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Old 11-13-20, 02:45 AM
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Join Date: Oct 2009
Location: Mt Shasta, CA, USA
Posts: 1,835

Bikes: Too many. Cannondale SuperSix, Trek Remedy 8, Trek Crossrip+ get the most ride time.

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Occasionally tubeless ready rims really genuinely don't play nice with some tires, but it is often that improved tire mounting technique can make everything doable with your hands and a normal tire lever.

Start opposite the valve, get one side of the tire on the rim--this is made easiest if you try to get it into the center channel. To get the other side on, pinch the tire into the center channel while pushing the whole tire towards the valve. Once you get to the last bit, go ahead and start opposite the valve again, pressing the tire into the center and towards the valve, before trying to pull the tire over the rim. This will work with 95% of tubeless rims with clincher tires, but there are absolutely some combos that work terribly. I wouldn't personally choose any setup that required tools to mount, though as a professional mechanic I'm better at mounting tires than the vast majority of riders.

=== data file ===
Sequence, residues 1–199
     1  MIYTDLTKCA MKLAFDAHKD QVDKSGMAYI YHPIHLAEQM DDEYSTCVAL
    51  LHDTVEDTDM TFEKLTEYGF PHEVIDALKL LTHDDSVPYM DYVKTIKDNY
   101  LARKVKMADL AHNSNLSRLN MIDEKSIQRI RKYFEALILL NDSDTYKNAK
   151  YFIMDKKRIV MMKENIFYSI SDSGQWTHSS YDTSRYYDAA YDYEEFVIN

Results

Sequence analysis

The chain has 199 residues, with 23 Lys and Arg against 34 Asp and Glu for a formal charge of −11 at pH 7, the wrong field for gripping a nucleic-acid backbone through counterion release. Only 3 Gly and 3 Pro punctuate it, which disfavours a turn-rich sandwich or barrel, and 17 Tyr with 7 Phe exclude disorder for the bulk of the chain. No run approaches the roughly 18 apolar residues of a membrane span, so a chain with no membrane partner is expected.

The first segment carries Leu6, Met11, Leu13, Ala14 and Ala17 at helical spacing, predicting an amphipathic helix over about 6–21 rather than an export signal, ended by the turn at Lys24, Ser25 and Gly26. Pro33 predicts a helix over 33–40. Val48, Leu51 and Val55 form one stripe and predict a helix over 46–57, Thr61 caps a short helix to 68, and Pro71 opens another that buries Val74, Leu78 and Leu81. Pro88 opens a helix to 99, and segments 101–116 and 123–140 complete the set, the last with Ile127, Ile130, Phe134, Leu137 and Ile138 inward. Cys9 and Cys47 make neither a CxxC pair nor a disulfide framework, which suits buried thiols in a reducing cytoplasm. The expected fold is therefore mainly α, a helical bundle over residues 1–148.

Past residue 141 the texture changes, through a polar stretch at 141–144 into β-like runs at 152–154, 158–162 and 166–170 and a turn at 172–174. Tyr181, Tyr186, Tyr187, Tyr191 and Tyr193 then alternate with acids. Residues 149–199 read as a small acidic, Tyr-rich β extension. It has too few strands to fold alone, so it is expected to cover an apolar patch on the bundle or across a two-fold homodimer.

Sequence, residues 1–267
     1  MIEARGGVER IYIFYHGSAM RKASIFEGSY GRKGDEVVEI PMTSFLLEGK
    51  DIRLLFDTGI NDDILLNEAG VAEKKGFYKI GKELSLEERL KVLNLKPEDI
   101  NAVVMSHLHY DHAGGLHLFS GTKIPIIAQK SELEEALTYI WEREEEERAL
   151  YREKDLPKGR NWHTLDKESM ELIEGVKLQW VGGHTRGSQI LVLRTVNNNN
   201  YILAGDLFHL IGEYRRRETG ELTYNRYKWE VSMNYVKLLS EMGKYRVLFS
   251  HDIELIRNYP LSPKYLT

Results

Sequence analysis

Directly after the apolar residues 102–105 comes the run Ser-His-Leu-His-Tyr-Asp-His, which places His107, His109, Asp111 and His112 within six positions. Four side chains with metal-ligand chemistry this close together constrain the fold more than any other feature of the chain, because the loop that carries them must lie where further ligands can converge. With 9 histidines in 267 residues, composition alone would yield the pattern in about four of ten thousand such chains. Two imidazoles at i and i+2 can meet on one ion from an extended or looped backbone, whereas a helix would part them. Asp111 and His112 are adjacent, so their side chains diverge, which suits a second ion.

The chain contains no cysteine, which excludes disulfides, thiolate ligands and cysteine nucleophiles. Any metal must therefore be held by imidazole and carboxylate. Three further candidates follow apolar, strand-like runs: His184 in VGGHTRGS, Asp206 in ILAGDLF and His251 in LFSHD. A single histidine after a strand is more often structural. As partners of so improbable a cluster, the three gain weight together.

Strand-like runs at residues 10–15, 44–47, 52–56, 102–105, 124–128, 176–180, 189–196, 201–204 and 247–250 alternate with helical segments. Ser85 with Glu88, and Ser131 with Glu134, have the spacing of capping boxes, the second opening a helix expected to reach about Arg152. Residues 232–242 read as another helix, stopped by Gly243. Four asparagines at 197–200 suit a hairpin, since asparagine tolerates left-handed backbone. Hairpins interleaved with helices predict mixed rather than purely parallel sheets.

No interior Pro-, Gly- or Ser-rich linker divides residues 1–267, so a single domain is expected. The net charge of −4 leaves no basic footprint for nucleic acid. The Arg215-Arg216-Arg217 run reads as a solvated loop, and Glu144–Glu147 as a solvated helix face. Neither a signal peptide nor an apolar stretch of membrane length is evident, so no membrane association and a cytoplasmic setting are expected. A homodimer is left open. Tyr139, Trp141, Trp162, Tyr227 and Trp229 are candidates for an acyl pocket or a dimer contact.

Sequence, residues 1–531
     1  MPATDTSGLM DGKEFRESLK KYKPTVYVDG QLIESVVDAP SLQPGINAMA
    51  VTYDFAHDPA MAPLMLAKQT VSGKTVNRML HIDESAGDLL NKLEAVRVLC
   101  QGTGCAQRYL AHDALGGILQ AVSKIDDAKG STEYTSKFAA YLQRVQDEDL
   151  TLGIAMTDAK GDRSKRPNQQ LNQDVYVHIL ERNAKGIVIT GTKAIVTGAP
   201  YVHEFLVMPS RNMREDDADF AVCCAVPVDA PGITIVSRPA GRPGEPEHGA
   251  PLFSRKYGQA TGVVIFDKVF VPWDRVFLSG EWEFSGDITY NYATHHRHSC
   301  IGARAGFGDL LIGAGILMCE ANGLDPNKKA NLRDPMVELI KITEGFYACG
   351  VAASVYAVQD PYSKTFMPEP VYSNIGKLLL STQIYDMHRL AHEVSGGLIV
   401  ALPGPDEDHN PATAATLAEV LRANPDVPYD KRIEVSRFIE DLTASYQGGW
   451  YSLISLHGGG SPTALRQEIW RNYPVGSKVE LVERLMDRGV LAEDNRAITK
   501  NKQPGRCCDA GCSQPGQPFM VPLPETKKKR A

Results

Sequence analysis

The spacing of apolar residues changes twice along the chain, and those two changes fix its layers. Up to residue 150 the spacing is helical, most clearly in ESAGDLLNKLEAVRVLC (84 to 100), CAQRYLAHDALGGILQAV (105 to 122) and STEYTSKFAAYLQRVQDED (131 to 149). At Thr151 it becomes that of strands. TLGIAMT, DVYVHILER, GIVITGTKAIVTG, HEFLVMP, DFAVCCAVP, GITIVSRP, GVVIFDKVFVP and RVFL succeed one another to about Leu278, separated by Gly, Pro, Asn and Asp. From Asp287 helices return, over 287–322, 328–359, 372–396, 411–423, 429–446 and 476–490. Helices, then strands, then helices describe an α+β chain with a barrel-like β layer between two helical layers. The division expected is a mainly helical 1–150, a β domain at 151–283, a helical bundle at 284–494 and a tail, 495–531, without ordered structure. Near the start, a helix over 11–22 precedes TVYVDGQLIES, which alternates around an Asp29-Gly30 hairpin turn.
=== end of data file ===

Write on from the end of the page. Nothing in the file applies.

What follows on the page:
Also make sure that even if you aren't using tubeless tires, that your rims are set up with tubeless tape as it is absolutely necessary to mount tires smoothly. Definitely, for the love of all that is good, do not use velox or similar in a tubeless rim (as much as I love velox).

If you genuinely want some non-tubeless rims, there's still some options, particularly given you're running relatively large tires for a road bike. Mavic makes the Open Pro C which is a standard clincher, although truthfully running wider tires like you are you'll have a better ride quality using something wider. Maybe Velocity Dyad?
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